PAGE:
Whether you’re in the love-it or hate-it camp, it can’t be denied that Black Panther has been phenomenally successful. It is the story of Prince T’Challa (Chadwick Boseman), first seen in Captain America: Civil War (2016), recounting how he ascends to the throne of the African nation Wakanda, and how he must use his authority to overcome an outsider who challenges his kingship. Director Ryan Coogler has deliberately set the story within the Marvel vicinity but distanced it enough so that all the power-politics, international relations and personal stories can be seen in their own right.
Black Panther is certainly problematic. This is well known, given the amount of debate that is has generated in the short period since its release. And although I am fully under-qualified to write a piece on a film dealing with such delicate issues of race (and still somewhat undecided as to my view of the film overall), Black Panther has been generating so many different readings that a comment must be made about how the film treats its subject.
In 1963, James Baldwin published a collection of letters called ‘The Fire Next Time’. In this groundbreaking, deeply personal text, he states the following manifesto: ‘In short, we, the black and the white, deeply need each other here if we are really to become a nation — if we are really, that is, to achieve our identity our maturity, as men and women.’
It is this view, 55 years later, which has finally manifested itself into a Marvel instalment with an almost exclusively black cast. Amid the extremely pervasive media coverage of everything related to ethnic identities in recent years — Barack Obama’s Presidency, Black Lives Matter, #OscarsSoWhite, the list goes on — it seems remarkable, suggests the New Yorker, that a film such as this, with an almost exclusively black cast, levelled with the rest of the Marvel universe, is ‘so woefully exceptional’.
Many political points have been made about the film’s construction of the black identity, of the preconceptions of Africa, and of the distribution of gender roles in the film — and these are very important. Yet there remains a lot to be said about the film as a construction of a narrative. At just over two hours, it is largely what you’d expect of a Marvel film: all Tony Stark’s tech meets Captain America’s will to do good; Thor’s machismo bravado meets Hulk’s deep-set anger issues. Yet Prince T’Challa is not the same as his superhero counterparts. He brings a new set of ideas about kingship and heroism to the Marvel universe.
It may be said that T’Challa doesn’t really seem to grow into much of a king — he already knows it’s who he is, but in spite of his pride, he encounters a few hiccups along the way. Rather controversially, it might be easier to see N’Jadaka (Michael B. Jordan) as more of a hero. Not for his genocidal sentiments, but for his unfair treatment. After all, he is the one facing abandonment issues — isn’t he to be treated with sympathy? While we’ve seen this formula put into play in The Lion King, no less, the connection between fathers and sons drives the motivations of the characters in a way that exposes their fundamental need for acceptance, security and significance.
Many of the film’s stars were excellent — Rising Star winner Daniel Kaluuya’s performance was particularly noteworthy, as was Forest Whitaker’s, playing the elusive Zuri. Letitia Wright was an audience favourite: she was excellent as Shuri, T’Challa’s charismatic (and irreverent) younger sister, who makes fantastically loaded comments – “Don’t scare me like that, colonizer!” A clichéd but noteworthy sequence involved T’Challa’s tribe imploring the isolated mountain kingdom to come to their aid: it pointed to Marvel’s ideology of collectivism and shows that the forces that unite are more powerful than those which divide us.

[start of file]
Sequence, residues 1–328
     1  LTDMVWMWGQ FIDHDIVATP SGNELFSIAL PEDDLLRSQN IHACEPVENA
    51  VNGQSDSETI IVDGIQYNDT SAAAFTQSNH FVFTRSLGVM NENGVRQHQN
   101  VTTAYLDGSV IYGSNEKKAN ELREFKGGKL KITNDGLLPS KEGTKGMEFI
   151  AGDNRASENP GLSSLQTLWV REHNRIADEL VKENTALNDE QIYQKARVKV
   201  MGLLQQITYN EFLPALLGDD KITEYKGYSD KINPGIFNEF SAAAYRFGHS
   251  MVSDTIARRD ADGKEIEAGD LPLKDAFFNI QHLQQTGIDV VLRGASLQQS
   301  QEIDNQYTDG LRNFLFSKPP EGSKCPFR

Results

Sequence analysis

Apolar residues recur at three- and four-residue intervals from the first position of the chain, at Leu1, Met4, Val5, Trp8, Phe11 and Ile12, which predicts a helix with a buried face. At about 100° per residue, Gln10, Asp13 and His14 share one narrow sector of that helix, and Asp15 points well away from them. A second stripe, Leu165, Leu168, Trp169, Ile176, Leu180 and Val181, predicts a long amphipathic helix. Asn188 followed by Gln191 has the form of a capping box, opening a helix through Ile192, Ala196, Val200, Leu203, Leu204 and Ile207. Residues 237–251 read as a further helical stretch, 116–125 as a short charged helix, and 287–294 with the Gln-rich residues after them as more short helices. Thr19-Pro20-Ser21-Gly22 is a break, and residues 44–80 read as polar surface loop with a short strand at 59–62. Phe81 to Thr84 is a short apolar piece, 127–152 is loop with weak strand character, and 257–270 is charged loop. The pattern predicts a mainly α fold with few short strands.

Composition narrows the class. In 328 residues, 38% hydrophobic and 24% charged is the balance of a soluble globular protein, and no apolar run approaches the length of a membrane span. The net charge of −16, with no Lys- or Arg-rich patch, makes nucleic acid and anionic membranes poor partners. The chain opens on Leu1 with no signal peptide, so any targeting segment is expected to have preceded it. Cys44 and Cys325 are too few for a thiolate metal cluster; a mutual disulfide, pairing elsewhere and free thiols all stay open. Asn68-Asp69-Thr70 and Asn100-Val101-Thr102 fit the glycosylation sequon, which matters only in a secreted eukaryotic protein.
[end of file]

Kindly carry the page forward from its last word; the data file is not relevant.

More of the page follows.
The CGI was good, and many of the landscapes and cities visited were plausibly immersive. The first view we get of Wakanda seems to be one of a prelapsarian Africa, and the metropolis that hides beneath the undergrowth rivals something from a Fritz Lang movie. The South Korea sequence was enjoyable to watch, involving the spectator in an exotic yet advanced world, an echo of Wakanda — and of course, it’s where Martin Freeman tags along for the ride. He and Andy Serkis, reunited after their Hobbit encounter, gave convincing performances but never detracted from the main events.
While it might be criticised somewhat for its lack of imagination and formulaic plot, it was a welcome change from the usual Marvel exploits, exchanging big-budget explosions with a battle scene involving very few automatic weapons. The music too was a neat combination of orchestral scoring, infectious tribal cross-rhythms and hip-hop, which fitted in with the settings of Oakland, California (Coogler’s childhood home) and Wakanda. Perhaps this adds to the film’s universal appeal. After all, it has raked in nearly $218m to date, in one of the most profitable opening weekends of all time.
This may be due to its decision to offer a completely new type of hero to the Marvel universe while staying faithful to the tropes of the superhero movie. It isn’t perfect, but it aims to show that we are not the same as our ancestors, or even our parents – we must find a path for ourselves as individuals. It might use excessive violence to get there, and it might even be seen as reductionist in some of its portraits of race, but for a Marvel film, it makes unusually important comments on the way in which we view ideas of heroism, kingship, and identity.
Black Panther is in cinemas now.